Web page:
In our last article, we mentioned why driving high is incredibly dangerous; the same goes for driving while crossfaded. Your reaction time and mobility is greatly impaired, thus increasing the likelihood of a car accident. It’s illegal to drive drunk, it’s illegal to drive, and you can bet your license it’s illegal to drive crossfaded. If you’ve got somewhere to be, call a ridesharing service to get you to your destination safely.
When you choose to mix weed and alcohol, you judgment is significantly impaired. Memory loss, blackouts, and poor decision-making are only a few of the risks that come along with impaired judgment. You may feel invincible, empowered, fearless, and adrenalized. You may feel inclined to make rash decisions to impress those around you as well as look for ways to draw attention to yourself.
One of the most common side effects of cannabis use is dry mouth and increased thirst. Alcohol is well-known for its diuretic properties. When mixing cannabis and alcohol, not only will you be increasingly thirsty, but you’ll also be urinating much more frequently. This poses a severe risk of dehydration that may land you in the hospital.
Lastly, think about your mental health. When using a psychoactive cannabinoid along with alcohol, you can risk further damage to your mental state. Teenagers and young adults are particularly prone to psychological stress and peer pressure, which may spiral out of control if they frequently get crossfaded. Long-term crossfading can even incubate early onset of certain psychological illnesses. Your memory and attention span can suffer as well, causing your brain health to deteriorate.
Your body may become increasingly dependent on having both cannabis and alcohol in your system to function “normally.” As your tolerance increases, so does your dependency. Consuming too much of a good thing can turn into a bad thing, which may result in extreme health issues. Edibles especially are easy to consume too much of, due to their sweet flavor and attractive textures. While the possibility of overdosing on cannabis hasn’t been studied in great depth, consuming copious amounts of alcohol can certainly lead to alcohol poisoning and fatal overdoses. Chronic crossfaders tend to consume large amounts of both cannabis and alcohol, ultimately resulting in poor and continually declining health. Edibles in particular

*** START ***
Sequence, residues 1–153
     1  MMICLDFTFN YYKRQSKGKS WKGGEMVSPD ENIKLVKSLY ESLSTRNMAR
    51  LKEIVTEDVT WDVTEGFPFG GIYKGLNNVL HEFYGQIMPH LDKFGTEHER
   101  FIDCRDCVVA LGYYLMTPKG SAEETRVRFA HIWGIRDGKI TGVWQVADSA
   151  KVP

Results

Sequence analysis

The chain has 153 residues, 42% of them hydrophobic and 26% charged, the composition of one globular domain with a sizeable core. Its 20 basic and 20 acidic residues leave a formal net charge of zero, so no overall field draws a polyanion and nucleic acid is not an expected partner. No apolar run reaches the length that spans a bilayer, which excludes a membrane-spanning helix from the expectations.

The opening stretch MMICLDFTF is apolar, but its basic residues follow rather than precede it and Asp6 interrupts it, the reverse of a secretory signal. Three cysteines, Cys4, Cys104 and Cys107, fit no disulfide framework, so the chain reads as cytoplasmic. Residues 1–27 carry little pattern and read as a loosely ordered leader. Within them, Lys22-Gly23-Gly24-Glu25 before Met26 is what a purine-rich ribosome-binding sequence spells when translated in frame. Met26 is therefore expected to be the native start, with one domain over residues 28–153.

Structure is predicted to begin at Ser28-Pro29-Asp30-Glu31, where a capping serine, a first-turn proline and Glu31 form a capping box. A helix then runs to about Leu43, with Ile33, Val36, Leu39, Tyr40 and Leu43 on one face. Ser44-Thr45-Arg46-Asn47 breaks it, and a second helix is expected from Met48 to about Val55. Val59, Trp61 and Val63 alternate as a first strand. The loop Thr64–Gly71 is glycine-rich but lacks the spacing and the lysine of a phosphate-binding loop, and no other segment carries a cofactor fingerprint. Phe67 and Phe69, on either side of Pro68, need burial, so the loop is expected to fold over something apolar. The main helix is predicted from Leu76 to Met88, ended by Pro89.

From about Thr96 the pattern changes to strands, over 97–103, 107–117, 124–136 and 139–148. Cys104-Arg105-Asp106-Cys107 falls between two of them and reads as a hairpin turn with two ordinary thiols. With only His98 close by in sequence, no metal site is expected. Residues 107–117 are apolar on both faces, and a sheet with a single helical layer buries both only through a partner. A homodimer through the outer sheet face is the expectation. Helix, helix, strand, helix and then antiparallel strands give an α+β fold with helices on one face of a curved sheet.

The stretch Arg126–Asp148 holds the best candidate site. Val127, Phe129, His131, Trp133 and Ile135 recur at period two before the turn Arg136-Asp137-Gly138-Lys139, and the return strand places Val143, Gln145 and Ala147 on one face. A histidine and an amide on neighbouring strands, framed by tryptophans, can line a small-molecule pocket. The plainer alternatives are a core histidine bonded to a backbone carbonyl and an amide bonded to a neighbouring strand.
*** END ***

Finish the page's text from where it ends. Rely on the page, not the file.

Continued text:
The information in this article isn’t intended to berate or intimidate you using scare tactics or inflated realities. It is simply presented to you so that you know the risks associated with crossfading. Countless cannabis and alcohol consumers have at some point gotten crossfaded; some users prefer it while others swear to remain with one or the other. Whether you accidentally or purposely get crossfaded (even if just to experience it once), you should be mindful of how much cannabis or alcohol is consumed.
When consumed in moderation and in their proper scenarios, alcohol or cannabis can be great ways to enjoy yourself. Celebrations are usually overflowing with liquor and as cannabis grows in popularity due to more states legalizing it, there may be a strong temptation to consume both. After reading this article, you should have a better understanding of the potential risks and outcomes from mixing cannabis and alcohol.